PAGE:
Natural Channel Design
Natural channel design uses the principles of fluvial geomorphology (the processes and pressures that shape river systems) to evaluate the potential for a degraded stream to be restored to its historic stable form. The end result is a self-sustaining stream system that provides valuable hydraulic (water transport), geomorphic (sediment erosion and transport) and ecological (habitat, water quality) functions.
In a healthy system, a stream will overflow its base flow channel every 1.5 years (on average). This allows pollutants to be processed on the floodplain, riparian plants to flourish, the flowing stream to be flushed of organic materials, and most stream functions of value to humans to be performed. In a degraded system, the channel has often eroded down so deeply that the stream is no longer connected to its floodplain, except during the most extreme flood events. This limits stream functions and exacerbates bank erosion problems.
Urban streams are commonly channelized and armored with rock or concrete to protect infrastructure built in the floodplain. While this is an effective local flood control method, it does not allow the stream to function as a natural system, and often increases problems downstream. Natural channel design techniques will vary depending on whether there is space adjacent to the channel to allow for increased water on the floodplain without damaging nearby infrastructure.
Bioengineering integrates natural materials
Streambank bioengineering is a restoration method that integrates living plants in bank stabilization, as opposed to using strictly inert materials (logs, rocks, etc). With their flexible stems and dense roots, the native willows and dogwoods that grow right at the water’s edge are invaluable to help stablize stream banks. The roots hold the soil together while above ground vegetation protects against flood damage by dissipating energy and acting as a buffer against the abrasive effects of sand, silt and rocks carried in the stream. These riparian shrubs thrive on the periodic “pruning” caused by seasonal high flows and browsing and will resprout vigorously. Branches that are broken off and carried downstream can take root anywhere along the stem, a feature that makes willows, dogwoods and cottonwoods an important component of streambank bioengineering projects. Cuttings can be harvested in large quantities and then installed in a variety bioengineering applications, per site-specific needs.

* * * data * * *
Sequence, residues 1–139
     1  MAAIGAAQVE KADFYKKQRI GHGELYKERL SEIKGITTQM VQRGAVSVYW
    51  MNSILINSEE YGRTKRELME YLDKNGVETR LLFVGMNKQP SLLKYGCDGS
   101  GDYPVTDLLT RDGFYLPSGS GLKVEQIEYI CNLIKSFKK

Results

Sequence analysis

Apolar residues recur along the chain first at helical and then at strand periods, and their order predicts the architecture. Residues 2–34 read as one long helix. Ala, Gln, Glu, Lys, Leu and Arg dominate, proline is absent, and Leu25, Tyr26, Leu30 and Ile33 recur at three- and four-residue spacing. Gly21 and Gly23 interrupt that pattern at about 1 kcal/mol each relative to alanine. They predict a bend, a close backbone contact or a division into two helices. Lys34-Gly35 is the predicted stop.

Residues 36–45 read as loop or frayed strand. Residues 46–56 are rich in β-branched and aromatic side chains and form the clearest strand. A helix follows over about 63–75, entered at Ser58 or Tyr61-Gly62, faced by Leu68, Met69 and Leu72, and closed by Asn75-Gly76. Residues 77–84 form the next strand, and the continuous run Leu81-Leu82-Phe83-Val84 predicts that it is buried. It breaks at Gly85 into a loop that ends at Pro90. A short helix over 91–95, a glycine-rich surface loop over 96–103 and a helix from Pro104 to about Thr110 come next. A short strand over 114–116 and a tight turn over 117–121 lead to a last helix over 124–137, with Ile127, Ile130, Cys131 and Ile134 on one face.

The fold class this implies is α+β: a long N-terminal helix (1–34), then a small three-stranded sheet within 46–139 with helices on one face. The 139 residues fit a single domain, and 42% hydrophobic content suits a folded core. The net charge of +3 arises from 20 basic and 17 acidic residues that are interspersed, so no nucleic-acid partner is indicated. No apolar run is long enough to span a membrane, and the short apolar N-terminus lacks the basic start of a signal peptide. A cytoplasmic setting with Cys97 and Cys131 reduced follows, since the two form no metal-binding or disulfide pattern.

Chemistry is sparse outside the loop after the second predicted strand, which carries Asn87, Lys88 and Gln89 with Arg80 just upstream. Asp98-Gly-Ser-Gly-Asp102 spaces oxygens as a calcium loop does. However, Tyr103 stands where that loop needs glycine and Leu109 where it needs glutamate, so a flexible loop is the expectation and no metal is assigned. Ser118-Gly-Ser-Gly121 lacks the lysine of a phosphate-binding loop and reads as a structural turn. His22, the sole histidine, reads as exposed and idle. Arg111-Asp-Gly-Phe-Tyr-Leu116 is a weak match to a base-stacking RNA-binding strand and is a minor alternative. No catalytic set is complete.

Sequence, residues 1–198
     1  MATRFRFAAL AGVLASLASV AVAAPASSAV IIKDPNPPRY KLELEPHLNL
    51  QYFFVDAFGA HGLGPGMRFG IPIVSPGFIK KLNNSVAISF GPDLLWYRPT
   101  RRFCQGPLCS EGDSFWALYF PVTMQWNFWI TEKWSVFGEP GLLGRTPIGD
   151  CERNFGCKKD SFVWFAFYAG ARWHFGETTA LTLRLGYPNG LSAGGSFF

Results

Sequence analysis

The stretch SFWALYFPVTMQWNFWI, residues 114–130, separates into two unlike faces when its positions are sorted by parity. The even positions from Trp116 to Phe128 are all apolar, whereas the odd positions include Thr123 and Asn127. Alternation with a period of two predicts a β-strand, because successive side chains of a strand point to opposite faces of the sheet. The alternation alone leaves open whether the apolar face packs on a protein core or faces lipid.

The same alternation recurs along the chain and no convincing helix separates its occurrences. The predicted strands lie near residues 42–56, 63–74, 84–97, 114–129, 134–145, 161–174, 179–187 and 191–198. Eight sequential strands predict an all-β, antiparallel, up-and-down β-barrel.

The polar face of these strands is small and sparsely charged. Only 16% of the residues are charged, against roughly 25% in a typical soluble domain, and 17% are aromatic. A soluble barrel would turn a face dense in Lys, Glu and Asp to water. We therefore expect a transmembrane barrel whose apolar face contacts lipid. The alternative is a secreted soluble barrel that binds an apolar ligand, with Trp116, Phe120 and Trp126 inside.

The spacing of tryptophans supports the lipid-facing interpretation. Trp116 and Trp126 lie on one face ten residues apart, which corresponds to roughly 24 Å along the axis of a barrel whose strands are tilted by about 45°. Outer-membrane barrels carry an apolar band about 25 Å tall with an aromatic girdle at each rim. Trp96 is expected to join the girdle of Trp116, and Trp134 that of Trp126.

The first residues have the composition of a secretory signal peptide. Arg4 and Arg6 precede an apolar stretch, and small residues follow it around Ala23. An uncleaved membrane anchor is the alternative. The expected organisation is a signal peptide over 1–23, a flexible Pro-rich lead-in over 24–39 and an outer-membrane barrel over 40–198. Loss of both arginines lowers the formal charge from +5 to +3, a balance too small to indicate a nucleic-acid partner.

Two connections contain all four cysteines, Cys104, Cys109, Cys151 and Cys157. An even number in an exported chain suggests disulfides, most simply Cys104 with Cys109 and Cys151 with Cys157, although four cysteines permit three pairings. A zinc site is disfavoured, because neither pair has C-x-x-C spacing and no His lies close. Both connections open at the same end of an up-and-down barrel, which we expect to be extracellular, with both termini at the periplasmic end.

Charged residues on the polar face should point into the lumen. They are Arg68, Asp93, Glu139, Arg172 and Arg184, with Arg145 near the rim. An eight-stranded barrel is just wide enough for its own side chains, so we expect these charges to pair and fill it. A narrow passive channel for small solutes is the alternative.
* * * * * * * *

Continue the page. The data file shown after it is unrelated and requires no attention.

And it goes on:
Cuttings from dormant riparian shrubs are planted deep enough in streambank soils to reach the dry season water table. These “live stakes” are used in a variety of bioengineering techniques. Stem nodes underground will take root; nodes above ground will leaf out.
Rock is used in conjunction with plants to stabilize banks where velocities are high, long term durability is needed, immediate stabilization is needed, or there is significant threat to life or property. Rock is often used to protect the toe of the bank (where the stream bed meets the stream bank), which is the area of highest stress in the stream channel. Instream rock structures are used to deflect flow away from eroding streambanks, concentrate flow in the center of the channel, create pool habitat for fish, and encourage sediment deposition and scour.
Restoration becomes part of the landscape over time
When designed correctly, natural channel design and bioengineering projects require less maintenance, blend into and become part of the natural landscape over time, and ultimately reduce overall costs.
Bare and eroding banks are reshaped and revegetated in the stream restoration project (image below). This project utilizes natural channel design techniques.
Mouse over the image to see the project after restoration
Photos: San Antonio River Authority